Posted in | News | Laser | Imaging

Capturing the Complex Behavior of Turbulent Flames During Combustion

A new technique for capturing the complicated behavior of turbulent flames produced during combustion has been developed by scientists.

New Method for Capturing the Complex Behavior of Turbulent Flames Produced During Combustion

A new high-speed 3D imaging method can capture the complex behavior of the turbulent flames produced during combustion. Shown are two cross sections of the 3D density measurement at Z = 16 mm and X= 0 mm, respectively(a) and the 3D iso-surface of the largest density gradient between the mixture and burned product (b). Image Credit: Qingchun Lei, Northwestern Polytechnic University

The knowledge offered by this high-speed 3D imaging method could be utilized to develop highly efficient and cleaner combustion systems for airplanes, cars, factories, and power plants.

The high-speed imaging approach we developed provides detailed insights into flame dynamics, ignition processes, and combustion behavior.

Qingchun Lei, Associate Professor, Northwestern Polytechnic University, China

Lei added, “This can provide insights into combustion efficiency, pollutant emissions, and the optimization of energy production processes that could be used to improve the design and operation of power plants, engines, and other combustion devices, leading to reduced environmental impact and enhanced energy efficiency.”

In the Optica Publishing Group journal Optics Letters, the scientists explain their new method that adds 3D information and high-speed image reconstruction to schlieren imaging, a well-established method for imaging and quantifying phenomena in fluids.

The new method could be utilized to quantitatively achieve the 3D density and velocity distribution of turbulent flames.

The detailed understanding of flame behavior and ignition processes facilitated by this technique can also contribute to more effective fire safety measures by providing information on how fires spread, develop, and can be suppressed.

Qingchun Lei, Associate Professor, Northwestern Polytechnic University, China

Lei added, “This can be used to enhance fire prevention strategies, improve building designs and develop more efficient fire suppression systems that could ultimately help save lives, protect property and improve overall fire safety standards.”

Adding Speed and Multiple Perspectives

Since turbulent combustion is known to be highly dynamic and 3D in nature, it is hard to quantitatively capture it adequately utilizing measurement methods like traditional schlieren imaging. For this issue to be resolved, the scientists integrated three imaging methods: Schlieren imaging, fiber imaging, and computed tomography (CT).

The new method makes use of a series of fiber bundles to send light containing flame information from various angles.

Every angle of light rays develops a Toepler’s lens-type Schlieren system that has the potential to image the density changes of the target flames. CT, which is generally utilized in medical imaging, is further employed to rebuild the 3D Schlieren images. Eventually, post-processing of the 3D schlieren images has been utilized to achieve 3D density and velocity information.

Fiber imaging enables high-speed, simultaneous Schlieren imaging from multiple perspectives in a flexible and cost-effective manner while adding CT enables the 3D reconstruction of target flames based on the multi-angular 2D images.

Qingchun Lei, Associate Professor, Northwestern Polytechnic University, China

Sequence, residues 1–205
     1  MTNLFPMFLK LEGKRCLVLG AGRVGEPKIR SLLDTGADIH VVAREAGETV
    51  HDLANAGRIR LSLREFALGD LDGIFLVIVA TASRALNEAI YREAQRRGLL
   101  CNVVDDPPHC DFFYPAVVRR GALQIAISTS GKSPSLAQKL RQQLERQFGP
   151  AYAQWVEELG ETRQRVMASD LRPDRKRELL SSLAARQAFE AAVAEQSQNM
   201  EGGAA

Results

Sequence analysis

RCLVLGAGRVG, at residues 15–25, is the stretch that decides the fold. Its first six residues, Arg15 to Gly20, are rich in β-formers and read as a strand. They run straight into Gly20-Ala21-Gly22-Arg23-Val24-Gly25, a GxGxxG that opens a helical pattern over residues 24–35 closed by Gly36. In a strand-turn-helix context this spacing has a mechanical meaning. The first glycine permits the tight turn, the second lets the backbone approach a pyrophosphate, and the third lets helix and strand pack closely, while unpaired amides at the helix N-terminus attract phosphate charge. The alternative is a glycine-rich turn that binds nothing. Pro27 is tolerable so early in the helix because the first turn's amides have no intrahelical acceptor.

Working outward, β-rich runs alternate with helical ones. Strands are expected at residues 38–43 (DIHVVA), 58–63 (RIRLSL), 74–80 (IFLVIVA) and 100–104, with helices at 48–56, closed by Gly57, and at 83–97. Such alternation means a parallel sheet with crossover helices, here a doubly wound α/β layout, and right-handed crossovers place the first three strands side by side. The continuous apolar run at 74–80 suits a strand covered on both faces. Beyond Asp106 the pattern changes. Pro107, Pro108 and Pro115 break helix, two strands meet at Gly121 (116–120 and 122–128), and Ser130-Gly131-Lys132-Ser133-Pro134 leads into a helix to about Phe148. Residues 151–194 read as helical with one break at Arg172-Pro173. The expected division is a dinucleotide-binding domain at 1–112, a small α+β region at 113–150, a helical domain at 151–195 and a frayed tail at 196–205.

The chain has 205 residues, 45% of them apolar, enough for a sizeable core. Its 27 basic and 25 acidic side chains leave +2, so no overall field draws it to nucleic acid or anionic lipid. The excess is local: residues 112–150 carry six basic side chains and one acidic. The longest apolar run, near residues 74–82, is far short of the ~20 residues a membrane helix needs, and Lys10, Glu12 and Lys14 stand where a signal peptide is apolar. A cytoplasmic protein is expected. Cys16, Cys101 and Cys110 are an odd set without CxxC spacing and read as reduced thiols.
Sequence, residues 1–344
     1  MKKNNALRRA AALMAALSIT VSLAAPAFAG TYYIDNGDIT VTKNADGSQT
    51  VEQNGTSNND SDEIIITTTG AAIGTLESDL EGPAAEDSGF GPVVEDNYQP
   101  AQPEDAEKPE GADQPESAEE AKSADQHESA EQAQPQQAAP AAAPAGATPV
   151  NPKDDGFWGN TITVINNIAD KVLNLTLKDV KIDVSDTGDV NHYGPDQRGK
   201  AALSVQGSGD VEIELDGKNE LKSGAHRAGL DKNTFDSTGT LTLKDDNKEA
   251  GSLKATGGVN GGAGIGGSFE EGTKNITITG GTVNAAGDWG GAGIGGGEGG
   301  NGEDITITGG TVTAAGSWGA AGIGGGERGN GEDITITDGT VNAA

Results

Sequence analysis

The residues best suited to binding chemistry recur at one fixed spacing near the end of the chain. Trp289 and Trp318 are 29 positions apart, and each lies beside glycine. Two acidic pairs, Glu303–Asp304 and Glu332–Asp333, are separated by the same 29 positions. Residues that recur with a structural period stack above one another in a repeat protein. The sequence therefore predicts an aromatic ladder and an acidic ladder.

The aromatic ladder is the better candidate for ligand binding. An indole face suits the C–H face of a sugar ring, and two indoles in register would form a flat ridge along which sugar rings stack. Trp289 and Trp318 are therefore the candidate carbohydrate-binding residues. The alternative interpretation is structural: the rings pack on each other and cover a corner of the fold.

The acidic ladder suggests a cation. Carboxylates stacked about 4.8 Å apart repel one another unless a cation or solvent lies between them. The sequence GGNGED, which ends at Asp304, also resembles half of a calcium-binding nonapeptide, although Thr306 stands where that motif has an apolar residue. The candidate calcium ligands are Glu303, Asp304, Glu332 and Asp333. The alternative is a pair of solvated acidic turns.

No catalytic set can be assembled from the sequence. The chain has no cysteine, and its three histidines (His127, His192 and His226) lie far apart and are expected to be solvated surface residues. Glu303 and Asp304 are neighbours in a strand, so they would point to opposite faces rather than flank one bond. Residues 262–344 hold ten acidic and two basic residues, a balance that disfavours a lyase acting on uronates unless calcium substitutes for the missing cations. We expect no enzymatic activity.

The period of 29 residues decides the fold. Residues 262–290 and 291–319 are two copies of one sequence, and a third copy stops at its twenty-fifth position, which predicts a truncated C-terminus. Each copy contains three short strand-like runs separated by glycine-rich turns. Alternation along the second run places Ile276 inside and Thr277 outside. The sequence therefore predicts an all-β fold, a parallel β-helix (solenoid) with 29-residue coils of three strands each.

Lei added, “The resulting high-speed 3D Schlieren imaging technique achieves a frame rate beyond tens of kHz, which allows the capture of rapidly changing flame phenomena with exceptional temporal resolution, providing detailed insights into transient flame events.”

Capturing Complex Flame Dynamics

For the performance and effectiveness of the high-speed 3D Schlieren imaging method to be validated, the scientists performed experiments on turbulent and laminar premixed flames and also transient ignition processes.

The experimental setup consisted of two Xenon lamps, a single high-speed camera, and a series of fiber bundles.

The fiber bundles were placed in a way to capture schlieren images of the flames from seven different orientations concurrently while the camera recorded the images at a high frame rate. The experimental setup is comparatively inexpensive than highly complicated and specialized equipment, like lasers, used in other methods.

The outcomes of the experiments displayed that the high-speed 3D schlieren imaging approach successfully captured and quantified the structure, flame dynamics, and ignition processes.

Currently, scientists are working to improve the practicality of the method and the potential for commercialization.

This includes testing its reliability and robustness throughout a wide range of flame conditions and configurations as well as improving the image processing and reconstruction algorithms. Also, they want to enhance system integration and automation and additionally simplify the setup.

Journal Reference

Li, X., et al. (2023) Fiber-based high-speed 3D schlieren imaging. Optics Letters.

Tell Us What You Think

Do you have a review, update or anything you would like to add to this news story?

Leave your feedback
Your comment type

While we only use edited and approved content for Azthena answers, it may on occasions provide incorrect responses. Please confirm any data provided with the related suppliers or authors. We do not provide medical advice, if you search for medical information you must always consult a medical professional before acting on any information provided.

Your questions, but not your email details will be shared with OpenAI and retained for 30 days in accordance with their privacy principles.

Please do not ask questions that use sensitive or confidential information.

Read the full Terms & Conditions.